What’s Your Number?
A landmark 2010 Princeton University study showed that money really can buy happiness — up to a very specific point. The researchers (including Nobelist Daniel Kahneman) found that up to about $75,000, annual income closely correlates with emotional well-being. Beyond that threshold, however, more income doesn’t translate into more happiness. On average, an American earning $575,000 isn’t likely to be any happier than one making $75,000.
Well, forget $75,000. A new poll by the Marist Institute for Public Opinion suggests that as little as $50,000 brings genuine happiness. According to the survey, those below $50K weren’t as personally satisfied with their lives as those above that mark in areas such as one’s housing situation, personal relationships and overall direction in life.
Because I’m happy in Manhattan & I suffer from wanderlust, my number needs to be a little higher…
NEW YORK (CNNMoney) — High-end buyers came to Manhattan to spend money during the second quarter, helping to lift average prices for homes.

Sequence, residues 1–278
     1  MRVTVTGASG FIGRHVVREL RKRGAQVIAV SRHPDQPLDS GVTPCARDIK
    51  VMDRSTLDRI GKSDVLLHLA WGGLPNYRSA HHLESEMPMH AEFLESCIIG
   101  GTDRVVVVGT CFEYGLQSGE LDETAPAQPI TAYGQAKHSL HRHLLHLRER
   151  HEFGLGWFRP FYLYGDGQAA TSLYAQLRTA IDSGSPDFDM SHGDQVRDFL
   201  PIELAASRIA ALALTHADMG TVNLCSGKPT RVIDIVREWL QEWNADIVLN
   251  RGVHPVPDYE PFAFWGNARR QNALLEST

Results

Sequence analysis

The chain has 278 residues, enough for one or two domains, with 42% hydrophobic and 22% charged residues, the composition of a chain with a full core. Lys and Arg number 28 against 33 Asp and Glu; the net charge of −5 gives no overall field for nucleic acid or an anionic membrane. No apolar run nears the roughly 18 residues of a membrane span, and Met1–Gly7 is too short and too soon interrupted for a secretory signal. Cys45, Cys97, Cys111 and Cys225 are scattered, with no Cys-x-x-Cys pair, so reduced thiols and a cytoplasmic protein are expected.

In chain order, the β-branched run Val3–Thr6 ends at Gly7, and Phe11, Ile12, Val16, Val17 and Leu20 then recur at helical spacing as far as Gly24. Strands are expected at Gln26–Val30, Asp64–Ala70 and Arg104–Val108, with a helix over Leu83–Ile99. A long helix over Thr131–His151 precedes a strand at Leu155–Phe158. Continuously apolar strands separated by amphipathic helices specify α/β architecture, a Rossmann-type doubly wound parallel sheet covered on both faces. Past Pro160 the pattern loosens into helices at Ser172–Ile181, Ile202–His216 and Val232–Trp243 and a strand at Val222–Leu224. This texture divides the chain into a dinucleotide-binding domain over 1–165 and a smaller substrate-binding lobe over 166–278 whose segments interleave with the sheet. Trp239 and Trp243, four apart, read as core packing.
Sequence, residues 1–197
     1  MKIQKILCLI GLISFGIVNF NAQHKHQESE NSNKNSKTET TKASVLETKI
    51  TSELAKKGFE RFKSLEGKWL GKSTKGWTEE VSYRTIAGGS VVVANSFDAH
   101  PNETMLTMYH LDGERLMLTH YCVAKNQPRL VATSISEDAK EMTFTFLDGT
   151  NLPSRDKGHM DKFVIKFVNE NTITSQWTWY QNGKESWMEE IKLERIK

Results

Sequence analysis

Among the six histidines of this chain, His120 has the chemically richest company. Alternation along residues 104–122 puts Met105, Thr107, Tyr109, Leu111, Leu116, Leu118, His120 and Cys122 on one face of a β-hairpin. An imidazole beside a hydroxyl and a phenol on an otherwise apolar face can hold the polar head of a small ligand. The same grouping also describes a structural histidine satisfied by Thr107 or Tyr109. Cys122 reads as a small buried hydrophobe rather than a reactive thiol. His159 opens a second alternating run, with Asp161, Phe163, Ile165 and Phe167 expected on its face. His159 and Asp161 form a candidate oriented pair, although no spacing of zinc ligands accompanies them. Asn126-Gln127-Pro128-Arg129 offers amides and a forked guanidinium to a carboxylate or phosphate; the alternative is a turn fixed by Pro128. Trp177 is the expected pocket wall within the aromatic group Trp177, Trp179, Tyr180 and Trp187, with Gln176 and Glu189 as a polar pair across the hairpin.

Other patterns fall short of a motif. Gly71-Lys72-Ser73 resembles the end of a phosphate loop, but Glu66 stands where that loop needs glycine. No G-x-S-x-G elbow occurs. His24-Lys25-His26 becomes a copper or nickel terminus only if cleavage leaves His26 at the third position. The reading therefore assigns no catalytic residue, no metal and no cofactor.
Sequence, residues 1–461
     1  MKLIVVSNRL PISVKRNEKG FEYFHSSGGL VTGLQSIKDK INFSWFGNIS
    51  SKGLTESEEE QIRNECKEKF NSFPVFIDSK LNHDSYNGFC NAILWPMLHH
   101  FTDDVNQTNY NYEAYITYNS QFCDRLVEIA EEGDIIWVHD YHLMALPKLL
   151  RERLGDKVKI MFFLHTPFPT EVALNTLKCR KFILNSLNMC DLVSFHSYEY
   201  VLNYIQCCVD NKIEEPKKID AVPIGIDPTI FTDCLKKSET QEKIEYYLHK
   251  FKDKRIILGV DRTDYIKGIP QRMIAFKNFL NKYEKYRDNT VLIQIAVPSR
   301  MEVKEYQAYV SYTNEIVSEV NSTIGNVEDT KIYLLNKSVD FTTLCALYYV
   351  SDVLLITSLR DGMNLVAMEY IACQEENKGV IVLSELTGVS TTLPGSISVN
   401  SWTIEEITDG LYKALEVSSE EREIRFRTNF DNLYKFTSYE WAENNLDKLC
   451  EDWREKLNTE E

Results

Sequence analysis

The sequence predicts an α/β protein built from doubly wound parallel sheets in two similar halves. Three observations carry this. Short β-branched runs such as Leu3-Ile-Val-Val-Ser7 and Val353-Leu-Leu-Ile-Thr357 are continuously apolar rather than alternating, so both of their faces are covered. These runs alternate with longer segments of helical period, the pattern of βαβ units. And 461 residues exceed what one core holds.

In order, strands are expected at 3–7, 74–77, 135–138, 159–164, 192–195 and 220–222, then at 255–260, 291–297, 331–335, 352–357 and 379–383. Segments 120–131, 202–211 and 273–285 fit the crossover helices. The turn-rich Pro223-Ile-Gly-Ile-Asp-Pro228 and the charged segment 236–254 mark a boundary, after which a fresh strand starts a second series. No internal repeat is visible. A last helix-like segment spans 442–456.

The average sale price of a Manhattan apartment rose to $1.39 million during the second quarter, up 5% from $1.32 million in 2010, according to market data compiled by the Corcoran Group…
The median price, which measures the middle of the market and is less impacted by the high end, rose 4% to $830,000 in the second quarter, up from $800,000 in the previous period, Corcoran said. According to Brown Harris Stevens and Halstead, the median price slipped 1% over the past year to $835,000.